give an answer that ends with a question mark. Don't reply, "I
don't have the money." That's a statement, but "How
can I raise the money?" Don't reply, "I don't have the
education or the talent." That's a statement. Ask, "How
can I meet the people who can help me make it happen?" Power
driven questions can make the impossible possible. Decide today
that you're not going to make negative statements anymore when
you see a problem. You're going to ask the power question, "Who
do I need to get together to handle this?"
What's the most important
lesson that can shape your life? It's not the answers you think
you know. It's the questions you dare to ask, because you don't
know where the answers will lead you.
I would suggest that
you start since we are a church, not just a secular motivational
group, to look at life from a spiritual perspective. What was
the most important question Jesus Christ ever asked? I submit
it was when He asked His disciples, "Who do you say I am?"
And Peter answered,
are Christ, the Son of the Living God." (Matthew
into that scene. Listen to the question Christ asked. Read Peter's
answer, and follow those who are wiser than you on spiritual matters,
Jesus Christ and Peter. Decide to become a follower of Jesus Christ.
When you follow Christ and He is in your heart and life, then
you will ask the right questions and be humble enough to say,
"I don't know much about this. Tell me more."
What was the most important spiritual question that impacted my
life? I asked that question as I studied for this message and
I was surprised at the answer that instantly came to my mind.
I grew up in a family who were all members of the Reformed Church
in America which has its roots in the Netherlands. So in our Dutch
denomination, when I was 6 years old, I had to go our religious
education called catechism.
was a study of the Bible and the Christian faith made up of important
questions. And the answers were all based on Bible truths for
students of all ages. It was called the Heidelberg Catechism,
written by professors in the Heidelberg University in Heidelberg,
Germany in the mid-seventeenth century after the Calvin and Lutheran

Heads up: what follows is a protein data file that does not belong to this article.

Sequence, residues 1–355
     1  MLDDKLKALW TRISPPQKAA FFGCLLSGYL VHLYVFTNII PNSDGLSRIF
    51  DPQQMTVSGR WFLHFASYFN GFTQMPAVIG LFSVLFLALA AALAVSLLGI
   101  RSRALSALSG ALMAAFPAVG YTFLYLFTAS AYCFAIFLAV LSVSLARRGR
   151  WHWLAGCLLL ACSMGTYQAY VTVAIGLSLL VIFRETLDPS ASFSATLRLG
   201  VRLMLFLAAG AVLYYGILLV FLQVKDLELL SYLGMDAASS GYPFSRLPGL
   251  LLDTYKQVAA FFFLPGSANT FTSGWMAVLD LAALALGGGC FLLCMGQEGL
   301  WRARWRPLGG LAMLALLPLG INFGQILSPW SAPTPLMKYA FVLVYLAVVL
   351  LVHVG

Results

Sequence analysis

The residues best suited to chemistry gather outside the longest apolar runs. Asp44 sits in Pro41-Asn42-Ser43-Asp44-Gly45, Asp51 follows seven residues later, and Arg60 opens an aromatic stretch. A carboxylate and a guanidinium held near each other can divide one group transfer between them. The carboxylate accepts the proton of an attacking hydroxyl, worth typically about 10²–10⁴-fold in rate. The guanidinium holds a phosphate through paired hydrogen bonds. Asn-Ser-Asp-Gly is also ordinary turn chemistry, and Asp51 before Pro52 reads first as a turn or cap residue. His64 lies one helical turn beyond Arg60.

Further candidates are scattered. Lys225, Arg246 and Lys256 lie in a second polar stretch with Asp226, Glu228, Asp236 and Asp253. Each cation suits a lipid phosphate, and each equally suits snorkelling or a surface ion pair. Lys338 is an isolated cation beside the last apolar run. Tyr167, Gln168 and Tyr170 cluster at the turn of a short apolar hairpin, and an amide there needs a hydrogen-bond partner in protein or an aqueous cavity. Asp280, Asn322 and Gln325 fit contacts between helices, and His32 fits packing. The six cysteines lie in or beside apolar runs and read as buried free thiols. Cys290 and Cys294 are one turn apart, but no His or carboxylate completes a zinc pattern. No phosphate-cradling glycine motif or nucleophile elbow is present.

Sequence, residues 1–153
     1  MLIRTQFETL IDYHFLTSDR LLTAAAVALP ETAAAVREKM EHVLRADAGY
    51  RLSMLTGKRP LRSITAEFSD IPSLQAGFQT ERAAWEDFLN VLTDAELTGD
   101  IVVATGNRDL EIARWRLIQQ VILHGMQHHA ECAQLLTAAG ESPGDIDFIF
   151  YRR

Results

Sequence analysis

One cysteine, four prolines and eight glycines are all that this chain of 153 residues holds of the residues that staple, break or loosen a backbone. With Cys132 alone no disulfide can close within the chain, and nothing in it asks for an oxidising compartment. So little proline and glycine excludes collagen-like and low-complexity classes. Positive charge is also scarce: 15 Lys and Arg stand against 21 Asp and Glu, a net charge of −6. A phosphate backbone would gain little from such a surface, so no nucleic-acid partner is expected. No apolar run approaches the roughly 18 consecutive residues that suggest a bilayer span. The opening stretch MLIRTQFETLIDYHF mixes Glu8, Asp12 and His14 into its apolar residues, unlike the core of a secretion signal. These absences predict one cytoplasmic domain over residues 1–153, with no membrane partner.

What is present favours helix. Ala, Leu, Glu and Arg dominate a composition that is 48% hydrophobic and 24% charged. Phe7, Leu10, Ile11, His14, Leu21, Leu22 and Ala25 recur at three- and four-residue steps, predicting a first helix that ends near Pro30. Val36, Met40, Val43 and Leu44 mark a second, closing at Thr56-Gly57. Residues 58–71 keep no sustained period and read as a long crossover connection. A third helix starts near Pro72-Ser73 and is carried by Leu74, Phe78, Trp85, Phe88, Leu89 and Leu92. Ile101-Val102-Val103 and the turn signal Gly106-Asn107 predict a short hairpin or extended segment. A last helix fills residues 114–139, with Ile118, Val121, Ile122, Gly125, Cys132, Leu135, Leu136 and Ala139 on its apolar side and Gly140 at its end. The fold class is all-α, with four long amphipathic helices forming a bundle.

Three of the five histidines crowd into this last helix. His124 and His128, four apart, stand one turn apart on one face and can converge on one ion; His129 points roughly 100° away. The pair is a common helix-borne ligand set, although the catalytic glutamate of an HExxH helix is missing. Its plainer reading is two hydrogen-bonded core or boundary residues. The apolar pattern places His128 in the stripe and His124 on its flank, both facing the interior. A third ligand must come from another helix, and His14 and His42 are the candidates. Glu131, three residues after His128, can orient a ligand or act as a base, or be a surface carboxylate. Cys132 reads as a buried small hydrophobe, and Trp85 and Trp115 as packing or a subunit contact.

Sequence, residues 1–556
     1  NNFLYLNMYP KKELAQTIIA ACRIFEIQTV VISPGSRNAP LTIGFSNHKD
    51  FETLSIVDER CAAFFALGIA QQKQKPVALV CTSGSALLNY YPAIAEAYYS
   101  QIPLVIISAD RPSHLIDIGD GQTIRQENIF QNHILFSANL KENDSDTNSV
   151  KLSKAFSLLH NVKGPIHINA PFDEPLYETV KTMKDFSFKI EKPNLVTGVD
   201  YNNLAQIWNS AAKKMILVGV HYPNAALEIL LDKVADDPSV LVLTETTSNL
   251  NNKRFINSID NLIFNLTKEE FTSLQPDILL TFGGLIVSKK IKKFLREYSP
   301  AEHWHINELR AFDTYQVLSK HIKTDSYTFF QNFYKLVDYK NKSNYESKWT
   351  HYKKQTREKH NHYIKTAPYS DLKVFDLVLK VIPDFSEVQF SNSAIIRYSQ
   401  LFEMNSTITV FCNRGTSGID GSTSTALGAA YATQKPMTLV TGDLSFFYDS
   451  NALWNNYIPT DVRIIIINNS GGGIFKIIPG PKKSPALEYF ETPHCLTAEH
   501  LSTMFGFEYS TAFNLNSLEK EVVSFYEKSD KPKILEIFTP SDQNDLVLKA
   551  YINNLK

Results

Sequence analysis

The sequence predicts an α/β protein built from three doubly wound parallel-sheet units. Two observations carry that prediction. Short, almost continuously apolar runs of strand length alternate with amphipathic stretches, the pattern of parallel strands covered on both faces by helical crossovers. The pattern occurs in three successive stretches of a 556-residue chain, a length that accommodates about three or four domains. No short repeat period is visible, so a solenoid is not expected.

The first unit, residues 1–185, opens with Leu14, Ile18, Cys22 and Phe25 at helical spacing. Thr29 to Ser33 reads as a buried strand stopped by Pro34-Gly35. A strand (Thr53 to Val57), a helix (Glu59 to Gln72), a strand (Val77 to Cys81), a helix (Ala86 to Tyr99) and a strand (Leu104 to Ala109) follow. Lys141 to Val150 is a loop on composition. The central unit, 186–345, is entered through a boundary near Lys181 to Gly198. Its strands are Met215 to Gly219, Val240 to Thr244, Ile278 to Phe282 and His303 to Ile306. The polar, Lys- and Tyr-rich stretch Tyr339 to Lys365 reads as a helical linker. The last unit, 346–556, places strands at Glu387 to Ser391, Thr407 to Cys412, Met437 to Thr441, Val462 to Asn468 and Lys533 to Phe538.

was the very first question I learned about religion? "What
is your only comfort in life and death?" Is that
the first question about religion? Yes, it is! The answer? "That
I with body and soul am not my own, but I belong to my faithful
Savior, Jesus Christ! ..." Wow! How did that
question and that answer shape
the life of a little boy, 6 years old, named Robert Schuller,
for the rest of my life?
been accused of preaching a comfort theology and I guess I am
comfort driven. All my life I have wanted to share with people
the comfort I have in my heart, my soul and my spirit for Jesus
is your only comfort in life and death?"
answer be, "That I, body and soul, am not my own, but I belong
to my faithful Savior, Jesus Christ." Then, if that's where
you start, you're going to be driven by Jesus Christ more than
you know and you will ask the power questions when you look at
suffering, hurting people, "What can I do about it? How can
I be the hands of Jesus? How can I be the voice of Jesus.?"
I invite you whether you're as young as Ryan or if you're old
... yes, even one hundred years, ask, "What can I do to help?"
Become a true follower of Jesus. Then
you will discover the positive power of the right question.
O God, we need you. Jesus Christ, we need you so that we will
see and feel the hurt, the pain, and the disappointment and respond,
"What can I do about it?" "What can I do to make
a difference?" We want to be creative people asking the right
questions. O Lord, come into our minds and hearts to be our Savior
and Lord. Amen.